Almost two months of unrest in Yemen has more than doubled the price of some basic foodstuffs and cooking gas while the value of the rial has plummeted, deepening the strain in what was already the Arab world's poorest nation.
The economic woes mirror those that surfaced in other Arab countries that either already underwent similar uprisings, or are still grappling with the mass protests. But they carry a particular weight in Yemen, where concerns are mounting that President Ali Abdullah Saleh's already shaky grip on power is working to the advantage of militant groups like Al-Qaida in the Arabian Peninsula.
Anger about the price increases and shortage of cooking gas have been building for weeks, with protests surfacing in major cities, including the capital, and hundreds of people blocking main roads with empty gas cylinders. Meanwhile, unemployment, pegged at 49 percent in 2010, according to economists, is getting worse as business tapers off and the devaluation in the rial has hammered the construction sector.
"There is no chance for work," said Abdullah al-Matari, a 55-year-old construction worker and father of eight who was one of hundreds of other day laborers waiting for a job at a downtown Sanaa market.
Unlike most of the other countries that share the peninsula, Yemen's story is one of being the impoverished sibling. It has almost none of the oil wealth that its northern neighbor, Saudi Arabia, enjoys and it has been largely overlooked by the Gulf nations in their bid _ through an infusion of cash _ to stem the unrest building up in the region.
While Saudi Arabia, the United Arabia Emirates, Kuwait and Qatar pledged $20 billion in aid Bahrain and Oman, their more impoverished fellow Gulf Cooperation Council sister states, Yemen has found no such benefactor.
Meanwhile, the country, with over 24 million people, has the lowest per capita income of any of the major Arab states _ just $1,200 according to the London-based Capital Economics. Its GDP is roughly twice that of Bahrain, a tiny nation of just 800,000.
Its economic troubles have only deteriorated since the start of the uprising.
Since the start of the protests in February, the rial has lost about 20 percent of its value. With daily life disrupted, Yemenis have taken to hoarding essential food stuff, leading to price increases and a sharp decline in stocks of such goods and products.
Inflation, which stood at about 11 percent last year, has climbed to between 15 and 18 percent in the first quarter of 2011 while GDP growth has slowed to slightly under 1 percent, said Youssef Saeed, an economist at Aden University.
"If there's no political solution, these figures are only going to get worse," said Saeed, adding that the country needed "urgent help from the Gulf nations and donor countries."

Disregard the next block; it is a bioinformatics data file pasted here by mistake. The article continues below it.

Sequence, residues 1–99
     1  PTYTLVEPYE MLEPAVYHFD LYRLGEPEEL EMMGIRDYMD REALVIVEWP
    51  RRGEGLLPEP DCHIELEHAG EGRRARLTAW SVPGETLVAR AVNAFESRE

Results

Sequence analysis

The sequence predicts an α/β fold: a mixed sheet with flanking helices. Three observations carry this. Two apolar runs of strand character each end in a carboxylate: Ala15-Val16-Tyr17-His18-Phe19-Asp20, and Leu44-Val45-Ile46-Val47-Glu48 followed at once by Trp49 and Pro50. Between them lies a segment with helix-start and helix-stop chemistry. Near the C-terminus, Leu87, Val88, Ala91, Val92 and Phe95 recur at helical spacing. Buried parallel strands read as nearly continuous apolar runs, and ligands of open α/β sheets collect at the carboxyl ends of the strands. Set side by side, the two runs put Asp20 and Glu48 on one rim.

The surging prices are a burden that Yemenis can ill afford.
A 50 kilogram sack of sugar that normally sold for 9,000 rials ($37 per 110 pound sack) now costs 11,000 in the capital and 14,000 in remote villages in other provinces. The price of wheat, cooking oil and milk have all climbed by at least 25 percent.
The spike in prices is further fueling the unrest, putting even more strain on the embattled Saleh and his government.
In Sanaa, angry youth who spent three days demonstrating outside a gas distribution center clashed repeatedly with police and dispersed on Saturday, only after a truck arrived carrying full gas cylinders. But even then, resentment abounded.
Ahmed al-Himi said he bought one of the canisters for more than double the government-mandated price of 1,200 rials, and said he was convinced the government was behind the price surge.
"The government gets the extra money to pay to its supporters who take part in the pro-government demonstrations, or to buy allegiance of some tribal chiefs," al-Himi said.
The claims are common in a country _ and indeed a region _ where authoritarian governments have long had little credibility among a people who argue that the established regimes are intent only on enriching themselves and loyalists.
Saleh, who has for weeks resisted pressure to step down, responded in kind _ blaming the protesters for the gas cylinder crisis. On Friday, he said that the opposition was blocking roads to prevent the cylinders from reaching Sanaa from Marib, the al-Qaida stronghold southern province where the gas in produced.
An attack earlier last week on a power plant in the province, disrupted the flow of gas, and several cities including Sanaa, suffered electricity shortages. The official SABA news agency accused unnamed "saboteurs" of being behind the attack.
For millions of Yemenis, however, the real concern is how to cope in a country where the deteriorating political situation is eclipsed only by the economy.
"I come here every morning but, at noon, I go back empty-handed," said Hazza al-Hamadi, a 33-year-old plumber. "Life has become more difficult."